On Pride and Shame

There is a subtle distinction between confidence and pride.  Confidence is the willful assertion of your chutzpuh into a situation.  Pride is the belief that you were entitled to prevail over the same situation.  One is an act of consciousness, the other is an act of the self-inflating ego.

And we all know that the ego has got to go.

Parents are often proud of their kids, or friends can be proud of each other’s accomplishments.  I would argue that telling someone “how proud you are of them” is a baseless claim, and has consequences that might encourage negative self-centered behavior rather than uplifting the intrinsic sense of dignity and value that we all possess.

School pride and national pride are all products of an ideological divide.  Pride also becomes very problematic and divisive when applied to “ethnic” or “cultural” groups.  It is too often for the sake of pride that these divergent groups attack one another.  It bears repeating:  Violence is not the answer.  The answer to what?  A meaningful life.  And, of course, world peace will never exist in a world with violence.

Instead of pride we need helpful affirmations, and honest rebukes from the members of our communities.  If we can all hold each other accountable to some mutually agreed upon standard, then pride can be something that is culturally discouraged.  If we incentivized ourselves to shift away from notions of pride, then we can probably breed it out of our next generations.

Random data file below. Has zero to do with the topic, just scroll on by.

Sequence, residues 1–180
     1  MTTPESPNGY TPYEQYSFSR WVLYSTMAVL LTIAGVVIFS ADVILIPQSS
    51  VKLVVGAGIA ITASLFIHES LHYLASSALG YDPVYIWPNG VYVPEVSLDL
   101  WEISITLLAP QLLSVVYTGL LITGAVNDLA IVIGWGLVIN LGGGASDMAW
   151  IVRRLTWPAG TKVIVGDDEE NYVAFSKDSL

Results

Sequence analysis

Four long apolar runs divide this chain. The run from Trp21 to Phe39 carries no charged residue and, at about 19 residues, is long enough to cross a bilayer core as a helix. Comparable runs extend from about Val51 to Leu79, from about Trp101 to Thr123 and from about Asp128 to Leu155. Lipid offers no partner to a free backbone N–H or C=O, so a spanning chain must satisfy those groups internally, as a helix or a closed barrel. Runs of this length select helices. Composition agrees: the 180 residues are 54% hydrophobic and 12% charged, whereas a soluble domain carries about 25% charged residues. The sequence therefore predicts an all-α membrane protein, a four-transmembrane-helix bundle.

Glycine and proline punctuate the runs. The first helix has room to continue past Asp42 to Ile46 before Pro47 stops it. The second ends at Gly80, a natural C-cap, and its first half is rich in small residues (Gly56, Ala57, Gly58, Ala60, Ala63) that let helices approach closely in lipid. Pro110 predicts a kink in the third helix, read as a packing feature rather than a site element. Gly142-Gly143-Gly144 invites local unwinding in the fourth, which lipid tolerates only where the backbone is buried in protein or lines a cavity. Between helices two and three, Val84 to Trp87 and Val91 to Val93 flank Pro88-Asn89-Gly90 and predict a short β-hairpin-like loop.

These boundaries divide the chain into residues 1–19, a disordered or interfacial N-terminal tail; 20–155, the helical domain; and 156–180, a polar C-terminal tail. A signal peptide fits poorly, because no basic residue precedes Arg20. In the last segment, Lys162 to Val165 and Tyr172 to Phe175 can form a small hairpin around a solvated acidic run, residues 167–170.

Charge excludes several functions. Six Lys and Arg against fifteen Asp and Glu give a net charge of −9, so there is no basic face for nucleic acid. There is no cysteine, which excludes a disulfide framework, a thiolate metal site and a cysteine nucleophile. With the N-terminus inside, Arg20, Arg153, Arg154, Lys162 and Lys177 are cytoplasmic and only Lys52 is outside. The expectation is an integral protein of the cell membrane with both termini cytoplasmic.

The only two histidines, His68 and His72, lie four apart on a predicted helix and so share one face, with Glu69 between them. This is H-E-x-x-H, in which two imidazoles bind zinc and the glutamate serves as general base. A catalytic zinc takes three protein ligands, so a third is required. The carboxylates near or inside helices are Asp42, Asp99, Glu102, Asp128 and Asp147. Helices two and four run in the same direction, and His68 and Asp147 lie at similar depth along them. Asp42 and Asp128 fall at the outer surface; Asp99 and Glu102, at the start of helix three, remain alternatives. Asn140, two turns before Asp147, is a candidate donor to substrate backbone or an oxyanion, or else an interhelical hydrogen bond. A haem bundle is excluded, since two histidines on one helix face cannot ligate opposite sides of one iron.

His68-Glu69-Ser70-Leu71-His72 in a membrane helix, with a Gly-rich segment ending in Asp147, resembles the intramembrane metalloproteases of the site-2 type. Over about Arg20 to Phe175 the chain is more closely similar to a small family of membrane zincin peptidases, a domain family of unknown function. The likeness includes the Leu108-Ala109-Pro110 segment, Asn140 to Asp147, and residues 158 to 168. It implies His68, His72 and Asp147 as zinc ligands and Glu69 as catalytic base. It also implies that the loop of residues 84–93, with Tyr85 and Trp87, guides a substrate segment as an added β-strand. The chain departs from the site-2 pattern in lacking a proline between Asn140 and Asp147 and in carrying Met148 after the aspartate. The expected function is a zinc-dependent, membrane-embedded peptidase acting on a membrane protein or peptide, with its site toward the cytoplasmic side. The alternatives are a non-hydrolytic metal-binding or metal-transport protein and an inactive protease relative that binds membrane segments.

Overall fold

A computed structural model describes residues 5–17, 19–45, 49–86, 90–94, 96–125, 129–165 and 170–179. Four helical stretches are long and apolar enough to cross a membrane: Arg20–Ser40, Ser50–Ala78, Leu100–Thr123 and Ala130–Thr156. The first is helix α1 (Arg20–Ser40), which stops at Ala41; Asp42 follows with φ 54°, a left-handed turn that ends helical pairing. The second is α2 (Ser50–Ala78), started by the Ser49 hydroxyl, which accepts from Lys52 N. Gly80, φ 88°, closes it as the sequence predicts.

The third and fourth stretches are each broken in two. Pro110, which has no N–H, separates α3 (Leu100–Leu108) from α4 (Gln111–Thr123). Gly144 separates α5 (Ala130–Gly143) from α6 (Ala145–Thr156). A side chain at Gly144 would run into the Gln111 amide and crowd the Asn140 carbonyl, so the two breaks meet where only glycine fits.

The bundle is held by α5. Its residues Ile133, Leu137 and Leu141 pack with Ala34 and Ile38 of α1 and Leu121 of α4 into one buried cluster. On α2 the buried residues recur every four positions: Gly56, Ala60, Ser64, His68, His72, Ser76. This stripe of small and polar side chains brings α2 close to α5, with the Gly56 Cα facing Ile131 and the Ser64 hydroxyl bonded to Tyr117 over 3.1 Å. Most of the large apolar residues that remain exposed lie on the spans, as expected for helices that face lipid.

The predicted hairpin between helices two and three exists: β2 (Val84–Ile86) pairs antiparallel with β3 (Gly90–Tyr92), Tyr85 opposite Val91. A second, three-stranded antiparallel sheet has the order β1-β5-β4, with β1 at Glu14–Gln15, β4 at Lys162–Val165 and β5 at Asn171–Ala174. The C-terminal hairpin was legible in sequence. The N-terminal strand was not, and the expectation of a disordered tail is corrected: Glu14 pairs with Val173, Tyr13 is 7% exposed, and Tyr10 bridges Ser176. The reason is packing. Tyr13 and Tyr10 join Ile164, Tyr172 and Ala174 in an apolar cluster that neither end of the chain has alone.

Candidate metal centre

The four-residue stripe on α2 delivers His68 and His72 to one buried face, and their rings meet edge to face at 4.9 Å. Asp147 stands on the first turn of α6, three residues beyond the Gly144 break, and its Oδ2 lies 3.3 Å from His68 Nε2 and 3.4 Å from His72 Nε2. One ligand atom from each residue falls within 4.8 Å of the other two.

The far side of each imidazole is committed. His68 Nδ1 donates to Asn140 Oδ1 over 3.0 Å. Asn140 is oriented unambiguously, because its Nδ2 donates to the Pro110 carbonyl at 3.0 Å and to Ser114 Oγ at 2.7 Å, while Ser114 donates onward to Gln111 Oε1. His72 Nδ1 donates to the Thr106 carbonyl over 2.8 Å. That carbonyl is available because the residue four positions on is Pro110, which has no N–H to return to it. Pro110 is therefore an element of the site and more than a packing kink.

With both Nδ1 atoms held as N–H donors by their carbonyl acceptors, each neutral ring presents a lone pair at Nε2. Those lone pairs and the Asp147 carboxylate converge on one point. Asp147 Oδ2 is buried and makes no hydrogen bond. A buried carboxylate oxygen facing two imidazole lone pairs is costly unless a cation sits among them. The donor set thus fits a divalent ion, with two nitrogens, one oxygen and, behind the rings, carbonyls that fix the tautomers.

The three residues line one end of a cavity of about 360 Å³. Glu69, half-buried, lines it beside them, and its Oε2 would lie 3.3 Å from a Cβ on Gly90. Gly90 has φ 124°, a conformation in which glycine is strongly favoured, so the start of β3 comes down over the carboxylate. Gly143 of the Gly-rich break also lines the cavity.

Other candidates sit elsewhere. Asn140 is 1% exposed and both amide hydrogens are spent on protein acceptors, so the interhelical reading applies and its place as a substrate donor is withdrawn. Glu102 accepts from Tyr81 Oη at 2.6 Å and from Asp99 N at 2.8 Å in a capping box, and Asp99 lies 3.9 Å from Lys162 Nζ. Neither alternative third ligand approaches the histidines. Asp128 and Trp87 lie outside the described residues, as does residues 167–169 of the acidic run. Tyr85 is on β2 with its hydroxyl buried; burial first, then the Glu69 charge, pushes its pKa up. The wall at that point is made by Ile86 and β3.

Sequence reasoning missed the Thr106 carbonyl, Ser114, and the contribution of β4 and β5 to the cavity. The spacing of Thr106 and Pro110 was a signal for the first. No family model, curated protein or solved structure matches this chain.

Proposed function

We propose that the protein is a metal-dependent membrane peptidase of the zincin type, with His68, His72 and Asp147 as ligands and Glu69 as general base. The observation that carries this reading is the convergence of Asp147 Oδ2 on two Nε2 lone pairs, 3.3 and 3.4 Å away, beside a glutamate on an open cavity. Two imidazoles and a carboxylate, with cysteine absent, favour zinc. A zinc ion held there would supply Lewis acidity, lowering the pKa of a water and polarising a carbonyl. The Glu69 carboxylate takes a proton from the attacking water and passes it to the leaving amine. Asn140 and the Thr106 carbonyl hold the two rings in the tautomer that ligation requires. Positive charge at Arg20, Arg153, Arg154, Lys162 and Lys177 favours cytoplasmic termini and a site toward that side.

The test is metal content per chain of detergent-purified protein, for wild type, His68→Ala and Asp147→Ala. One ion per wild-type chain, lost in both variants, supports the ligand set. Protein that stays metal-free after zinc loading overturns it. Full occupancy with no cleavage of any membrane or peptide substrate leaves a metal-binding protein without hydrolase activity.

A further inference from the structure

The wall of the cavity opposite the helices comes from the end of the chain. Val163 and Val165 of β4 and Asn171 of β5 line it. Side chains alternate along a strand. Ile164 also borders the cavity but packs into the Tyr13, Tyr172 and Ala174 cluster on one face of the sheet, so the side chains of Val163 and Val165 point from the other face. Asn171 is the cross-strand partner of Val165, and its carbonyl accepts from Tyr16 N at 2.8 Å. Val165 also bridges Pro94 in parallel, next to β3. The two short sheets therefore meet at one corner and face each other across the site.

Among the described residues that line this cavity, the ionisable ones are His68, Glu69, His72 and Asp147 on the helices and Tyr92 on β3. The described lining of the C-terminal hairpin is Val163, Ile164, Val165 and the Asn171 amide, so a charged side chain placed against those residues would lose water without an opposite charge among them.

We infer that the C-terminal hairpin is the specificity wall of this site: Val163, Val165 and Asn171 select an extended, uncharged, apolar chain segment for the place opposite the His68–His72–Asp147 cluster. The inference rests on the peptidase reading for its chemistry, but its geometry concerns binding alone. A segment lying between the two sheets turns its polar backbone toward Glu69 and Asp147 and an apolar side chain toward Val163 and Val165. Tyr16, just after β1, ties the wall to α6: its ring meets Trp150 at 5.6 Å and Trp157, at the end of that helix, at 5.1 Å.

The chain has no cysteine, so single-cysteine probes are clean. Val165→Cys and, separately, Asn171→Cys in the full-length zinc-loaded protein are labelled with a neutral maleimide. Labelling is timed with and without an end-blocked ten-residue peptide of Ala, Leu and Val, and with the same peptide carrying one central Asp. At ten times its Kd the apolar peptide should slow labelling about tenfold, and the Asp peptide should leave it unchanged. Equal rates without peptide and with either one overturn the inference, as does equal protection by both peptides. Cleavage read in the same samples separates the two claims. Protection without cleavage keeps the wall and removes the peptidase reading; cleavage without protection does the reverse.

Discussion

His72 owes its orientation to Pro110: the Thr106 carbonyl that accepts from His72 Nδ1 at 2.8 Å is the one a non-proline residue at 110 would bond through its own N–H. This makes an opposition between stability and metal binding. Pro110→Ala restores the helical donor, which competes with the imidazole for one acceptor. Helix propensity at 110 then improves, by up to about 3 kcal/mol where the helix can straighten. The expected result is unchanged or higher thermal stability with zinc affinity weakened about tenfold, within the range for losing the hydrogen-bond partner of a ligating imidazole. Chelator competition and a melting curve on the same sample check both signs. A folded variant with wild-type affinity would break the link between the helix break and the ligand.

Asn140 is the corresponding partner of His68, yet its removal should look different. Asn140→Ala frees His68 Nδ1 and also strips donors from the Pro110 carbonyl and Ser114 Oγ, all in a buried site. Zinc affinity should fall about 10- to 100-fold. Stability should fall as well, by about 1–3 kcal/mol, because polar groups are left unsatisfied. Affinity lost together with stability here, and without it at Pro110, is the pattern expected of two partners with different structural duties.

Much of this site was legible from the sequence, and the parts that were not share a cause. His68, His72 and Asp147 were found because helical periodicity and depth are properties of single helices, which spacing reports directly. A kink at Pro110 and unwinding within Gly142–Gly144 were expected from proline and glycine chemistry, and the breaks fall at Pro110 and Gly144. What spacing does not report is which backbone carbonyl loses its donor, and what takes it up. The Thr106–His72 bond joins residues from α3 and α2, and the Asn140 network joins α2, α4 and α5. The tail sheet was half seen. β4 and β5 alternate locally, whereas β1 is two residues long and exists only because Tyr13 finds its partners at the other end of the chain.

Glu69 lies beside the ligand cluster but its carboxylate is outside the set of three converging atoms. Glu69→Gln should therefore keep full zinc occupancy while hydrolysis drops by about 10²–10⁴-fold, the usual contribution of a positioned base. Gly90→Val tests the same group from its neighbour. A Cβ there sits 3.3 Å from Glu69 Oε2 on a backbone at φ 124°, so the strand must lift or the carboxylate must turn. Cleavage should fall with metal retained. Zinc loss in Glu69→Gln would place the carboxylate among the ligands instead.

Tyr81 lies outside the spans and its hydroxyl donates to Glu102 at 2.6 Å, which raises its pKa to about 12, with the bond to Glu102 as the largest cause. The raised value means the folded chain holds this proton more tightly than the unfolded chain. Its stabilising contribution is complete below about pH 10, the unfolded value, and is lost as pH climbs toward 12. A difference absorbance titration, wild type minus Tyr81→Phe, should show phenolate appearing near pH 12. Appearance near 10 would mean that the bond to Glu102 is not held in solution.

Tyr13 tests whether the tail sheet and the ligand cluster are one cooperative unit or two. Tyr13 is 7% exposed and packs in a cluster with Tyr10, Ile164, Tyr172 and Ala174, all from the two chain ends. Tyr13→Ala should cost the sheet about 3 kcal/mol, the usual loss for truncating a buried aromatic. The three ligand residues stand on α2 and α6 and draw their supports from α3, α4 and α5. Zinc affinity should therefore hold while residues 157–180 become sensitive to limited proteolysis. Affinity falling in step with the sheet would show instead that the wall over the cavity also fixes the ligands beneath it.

If you need to have any sense of pride – surely you can be proud of your simple humanness.  You can also be proud of the degree to which you are able to consciously connect with nature on a daily basis.

Shame is the flip side of pride.  My personal sense of shame has been amplified the last few days since I broke my elbow.  I felt ashamed about a number of things.  My weakness:  If only I had been stronger I would have been able to catch myself mid-fall.  My weight:  If only I wasn’t as heavy as I am – once again I could have caught myself.  My stupidity for climbing on the tube in the first place.  What business did I have up there?  None, but the business of fun.  And its always fun until someone gets hurt…

Shame is also the product of our conscience.  Shame provides a feeling that most people don’t like.  So it would follow that people would act in a manner that would make them avoid such feelings.  Of course, there are those among us who act so shamelessly that it makes me wonder if their conscience is broken.

As a musician and a performer I know that it is sometimes necessary to put shameful feelings aside for the sake of art.  I can’t help but wonder if many of our uber-suave and savvy businessmen see the creation of money as their art.  If so, this is such a magnificent perversion of art that it demands to be met with resistance.  Which I will continue to do until I no longer have the energy for it.

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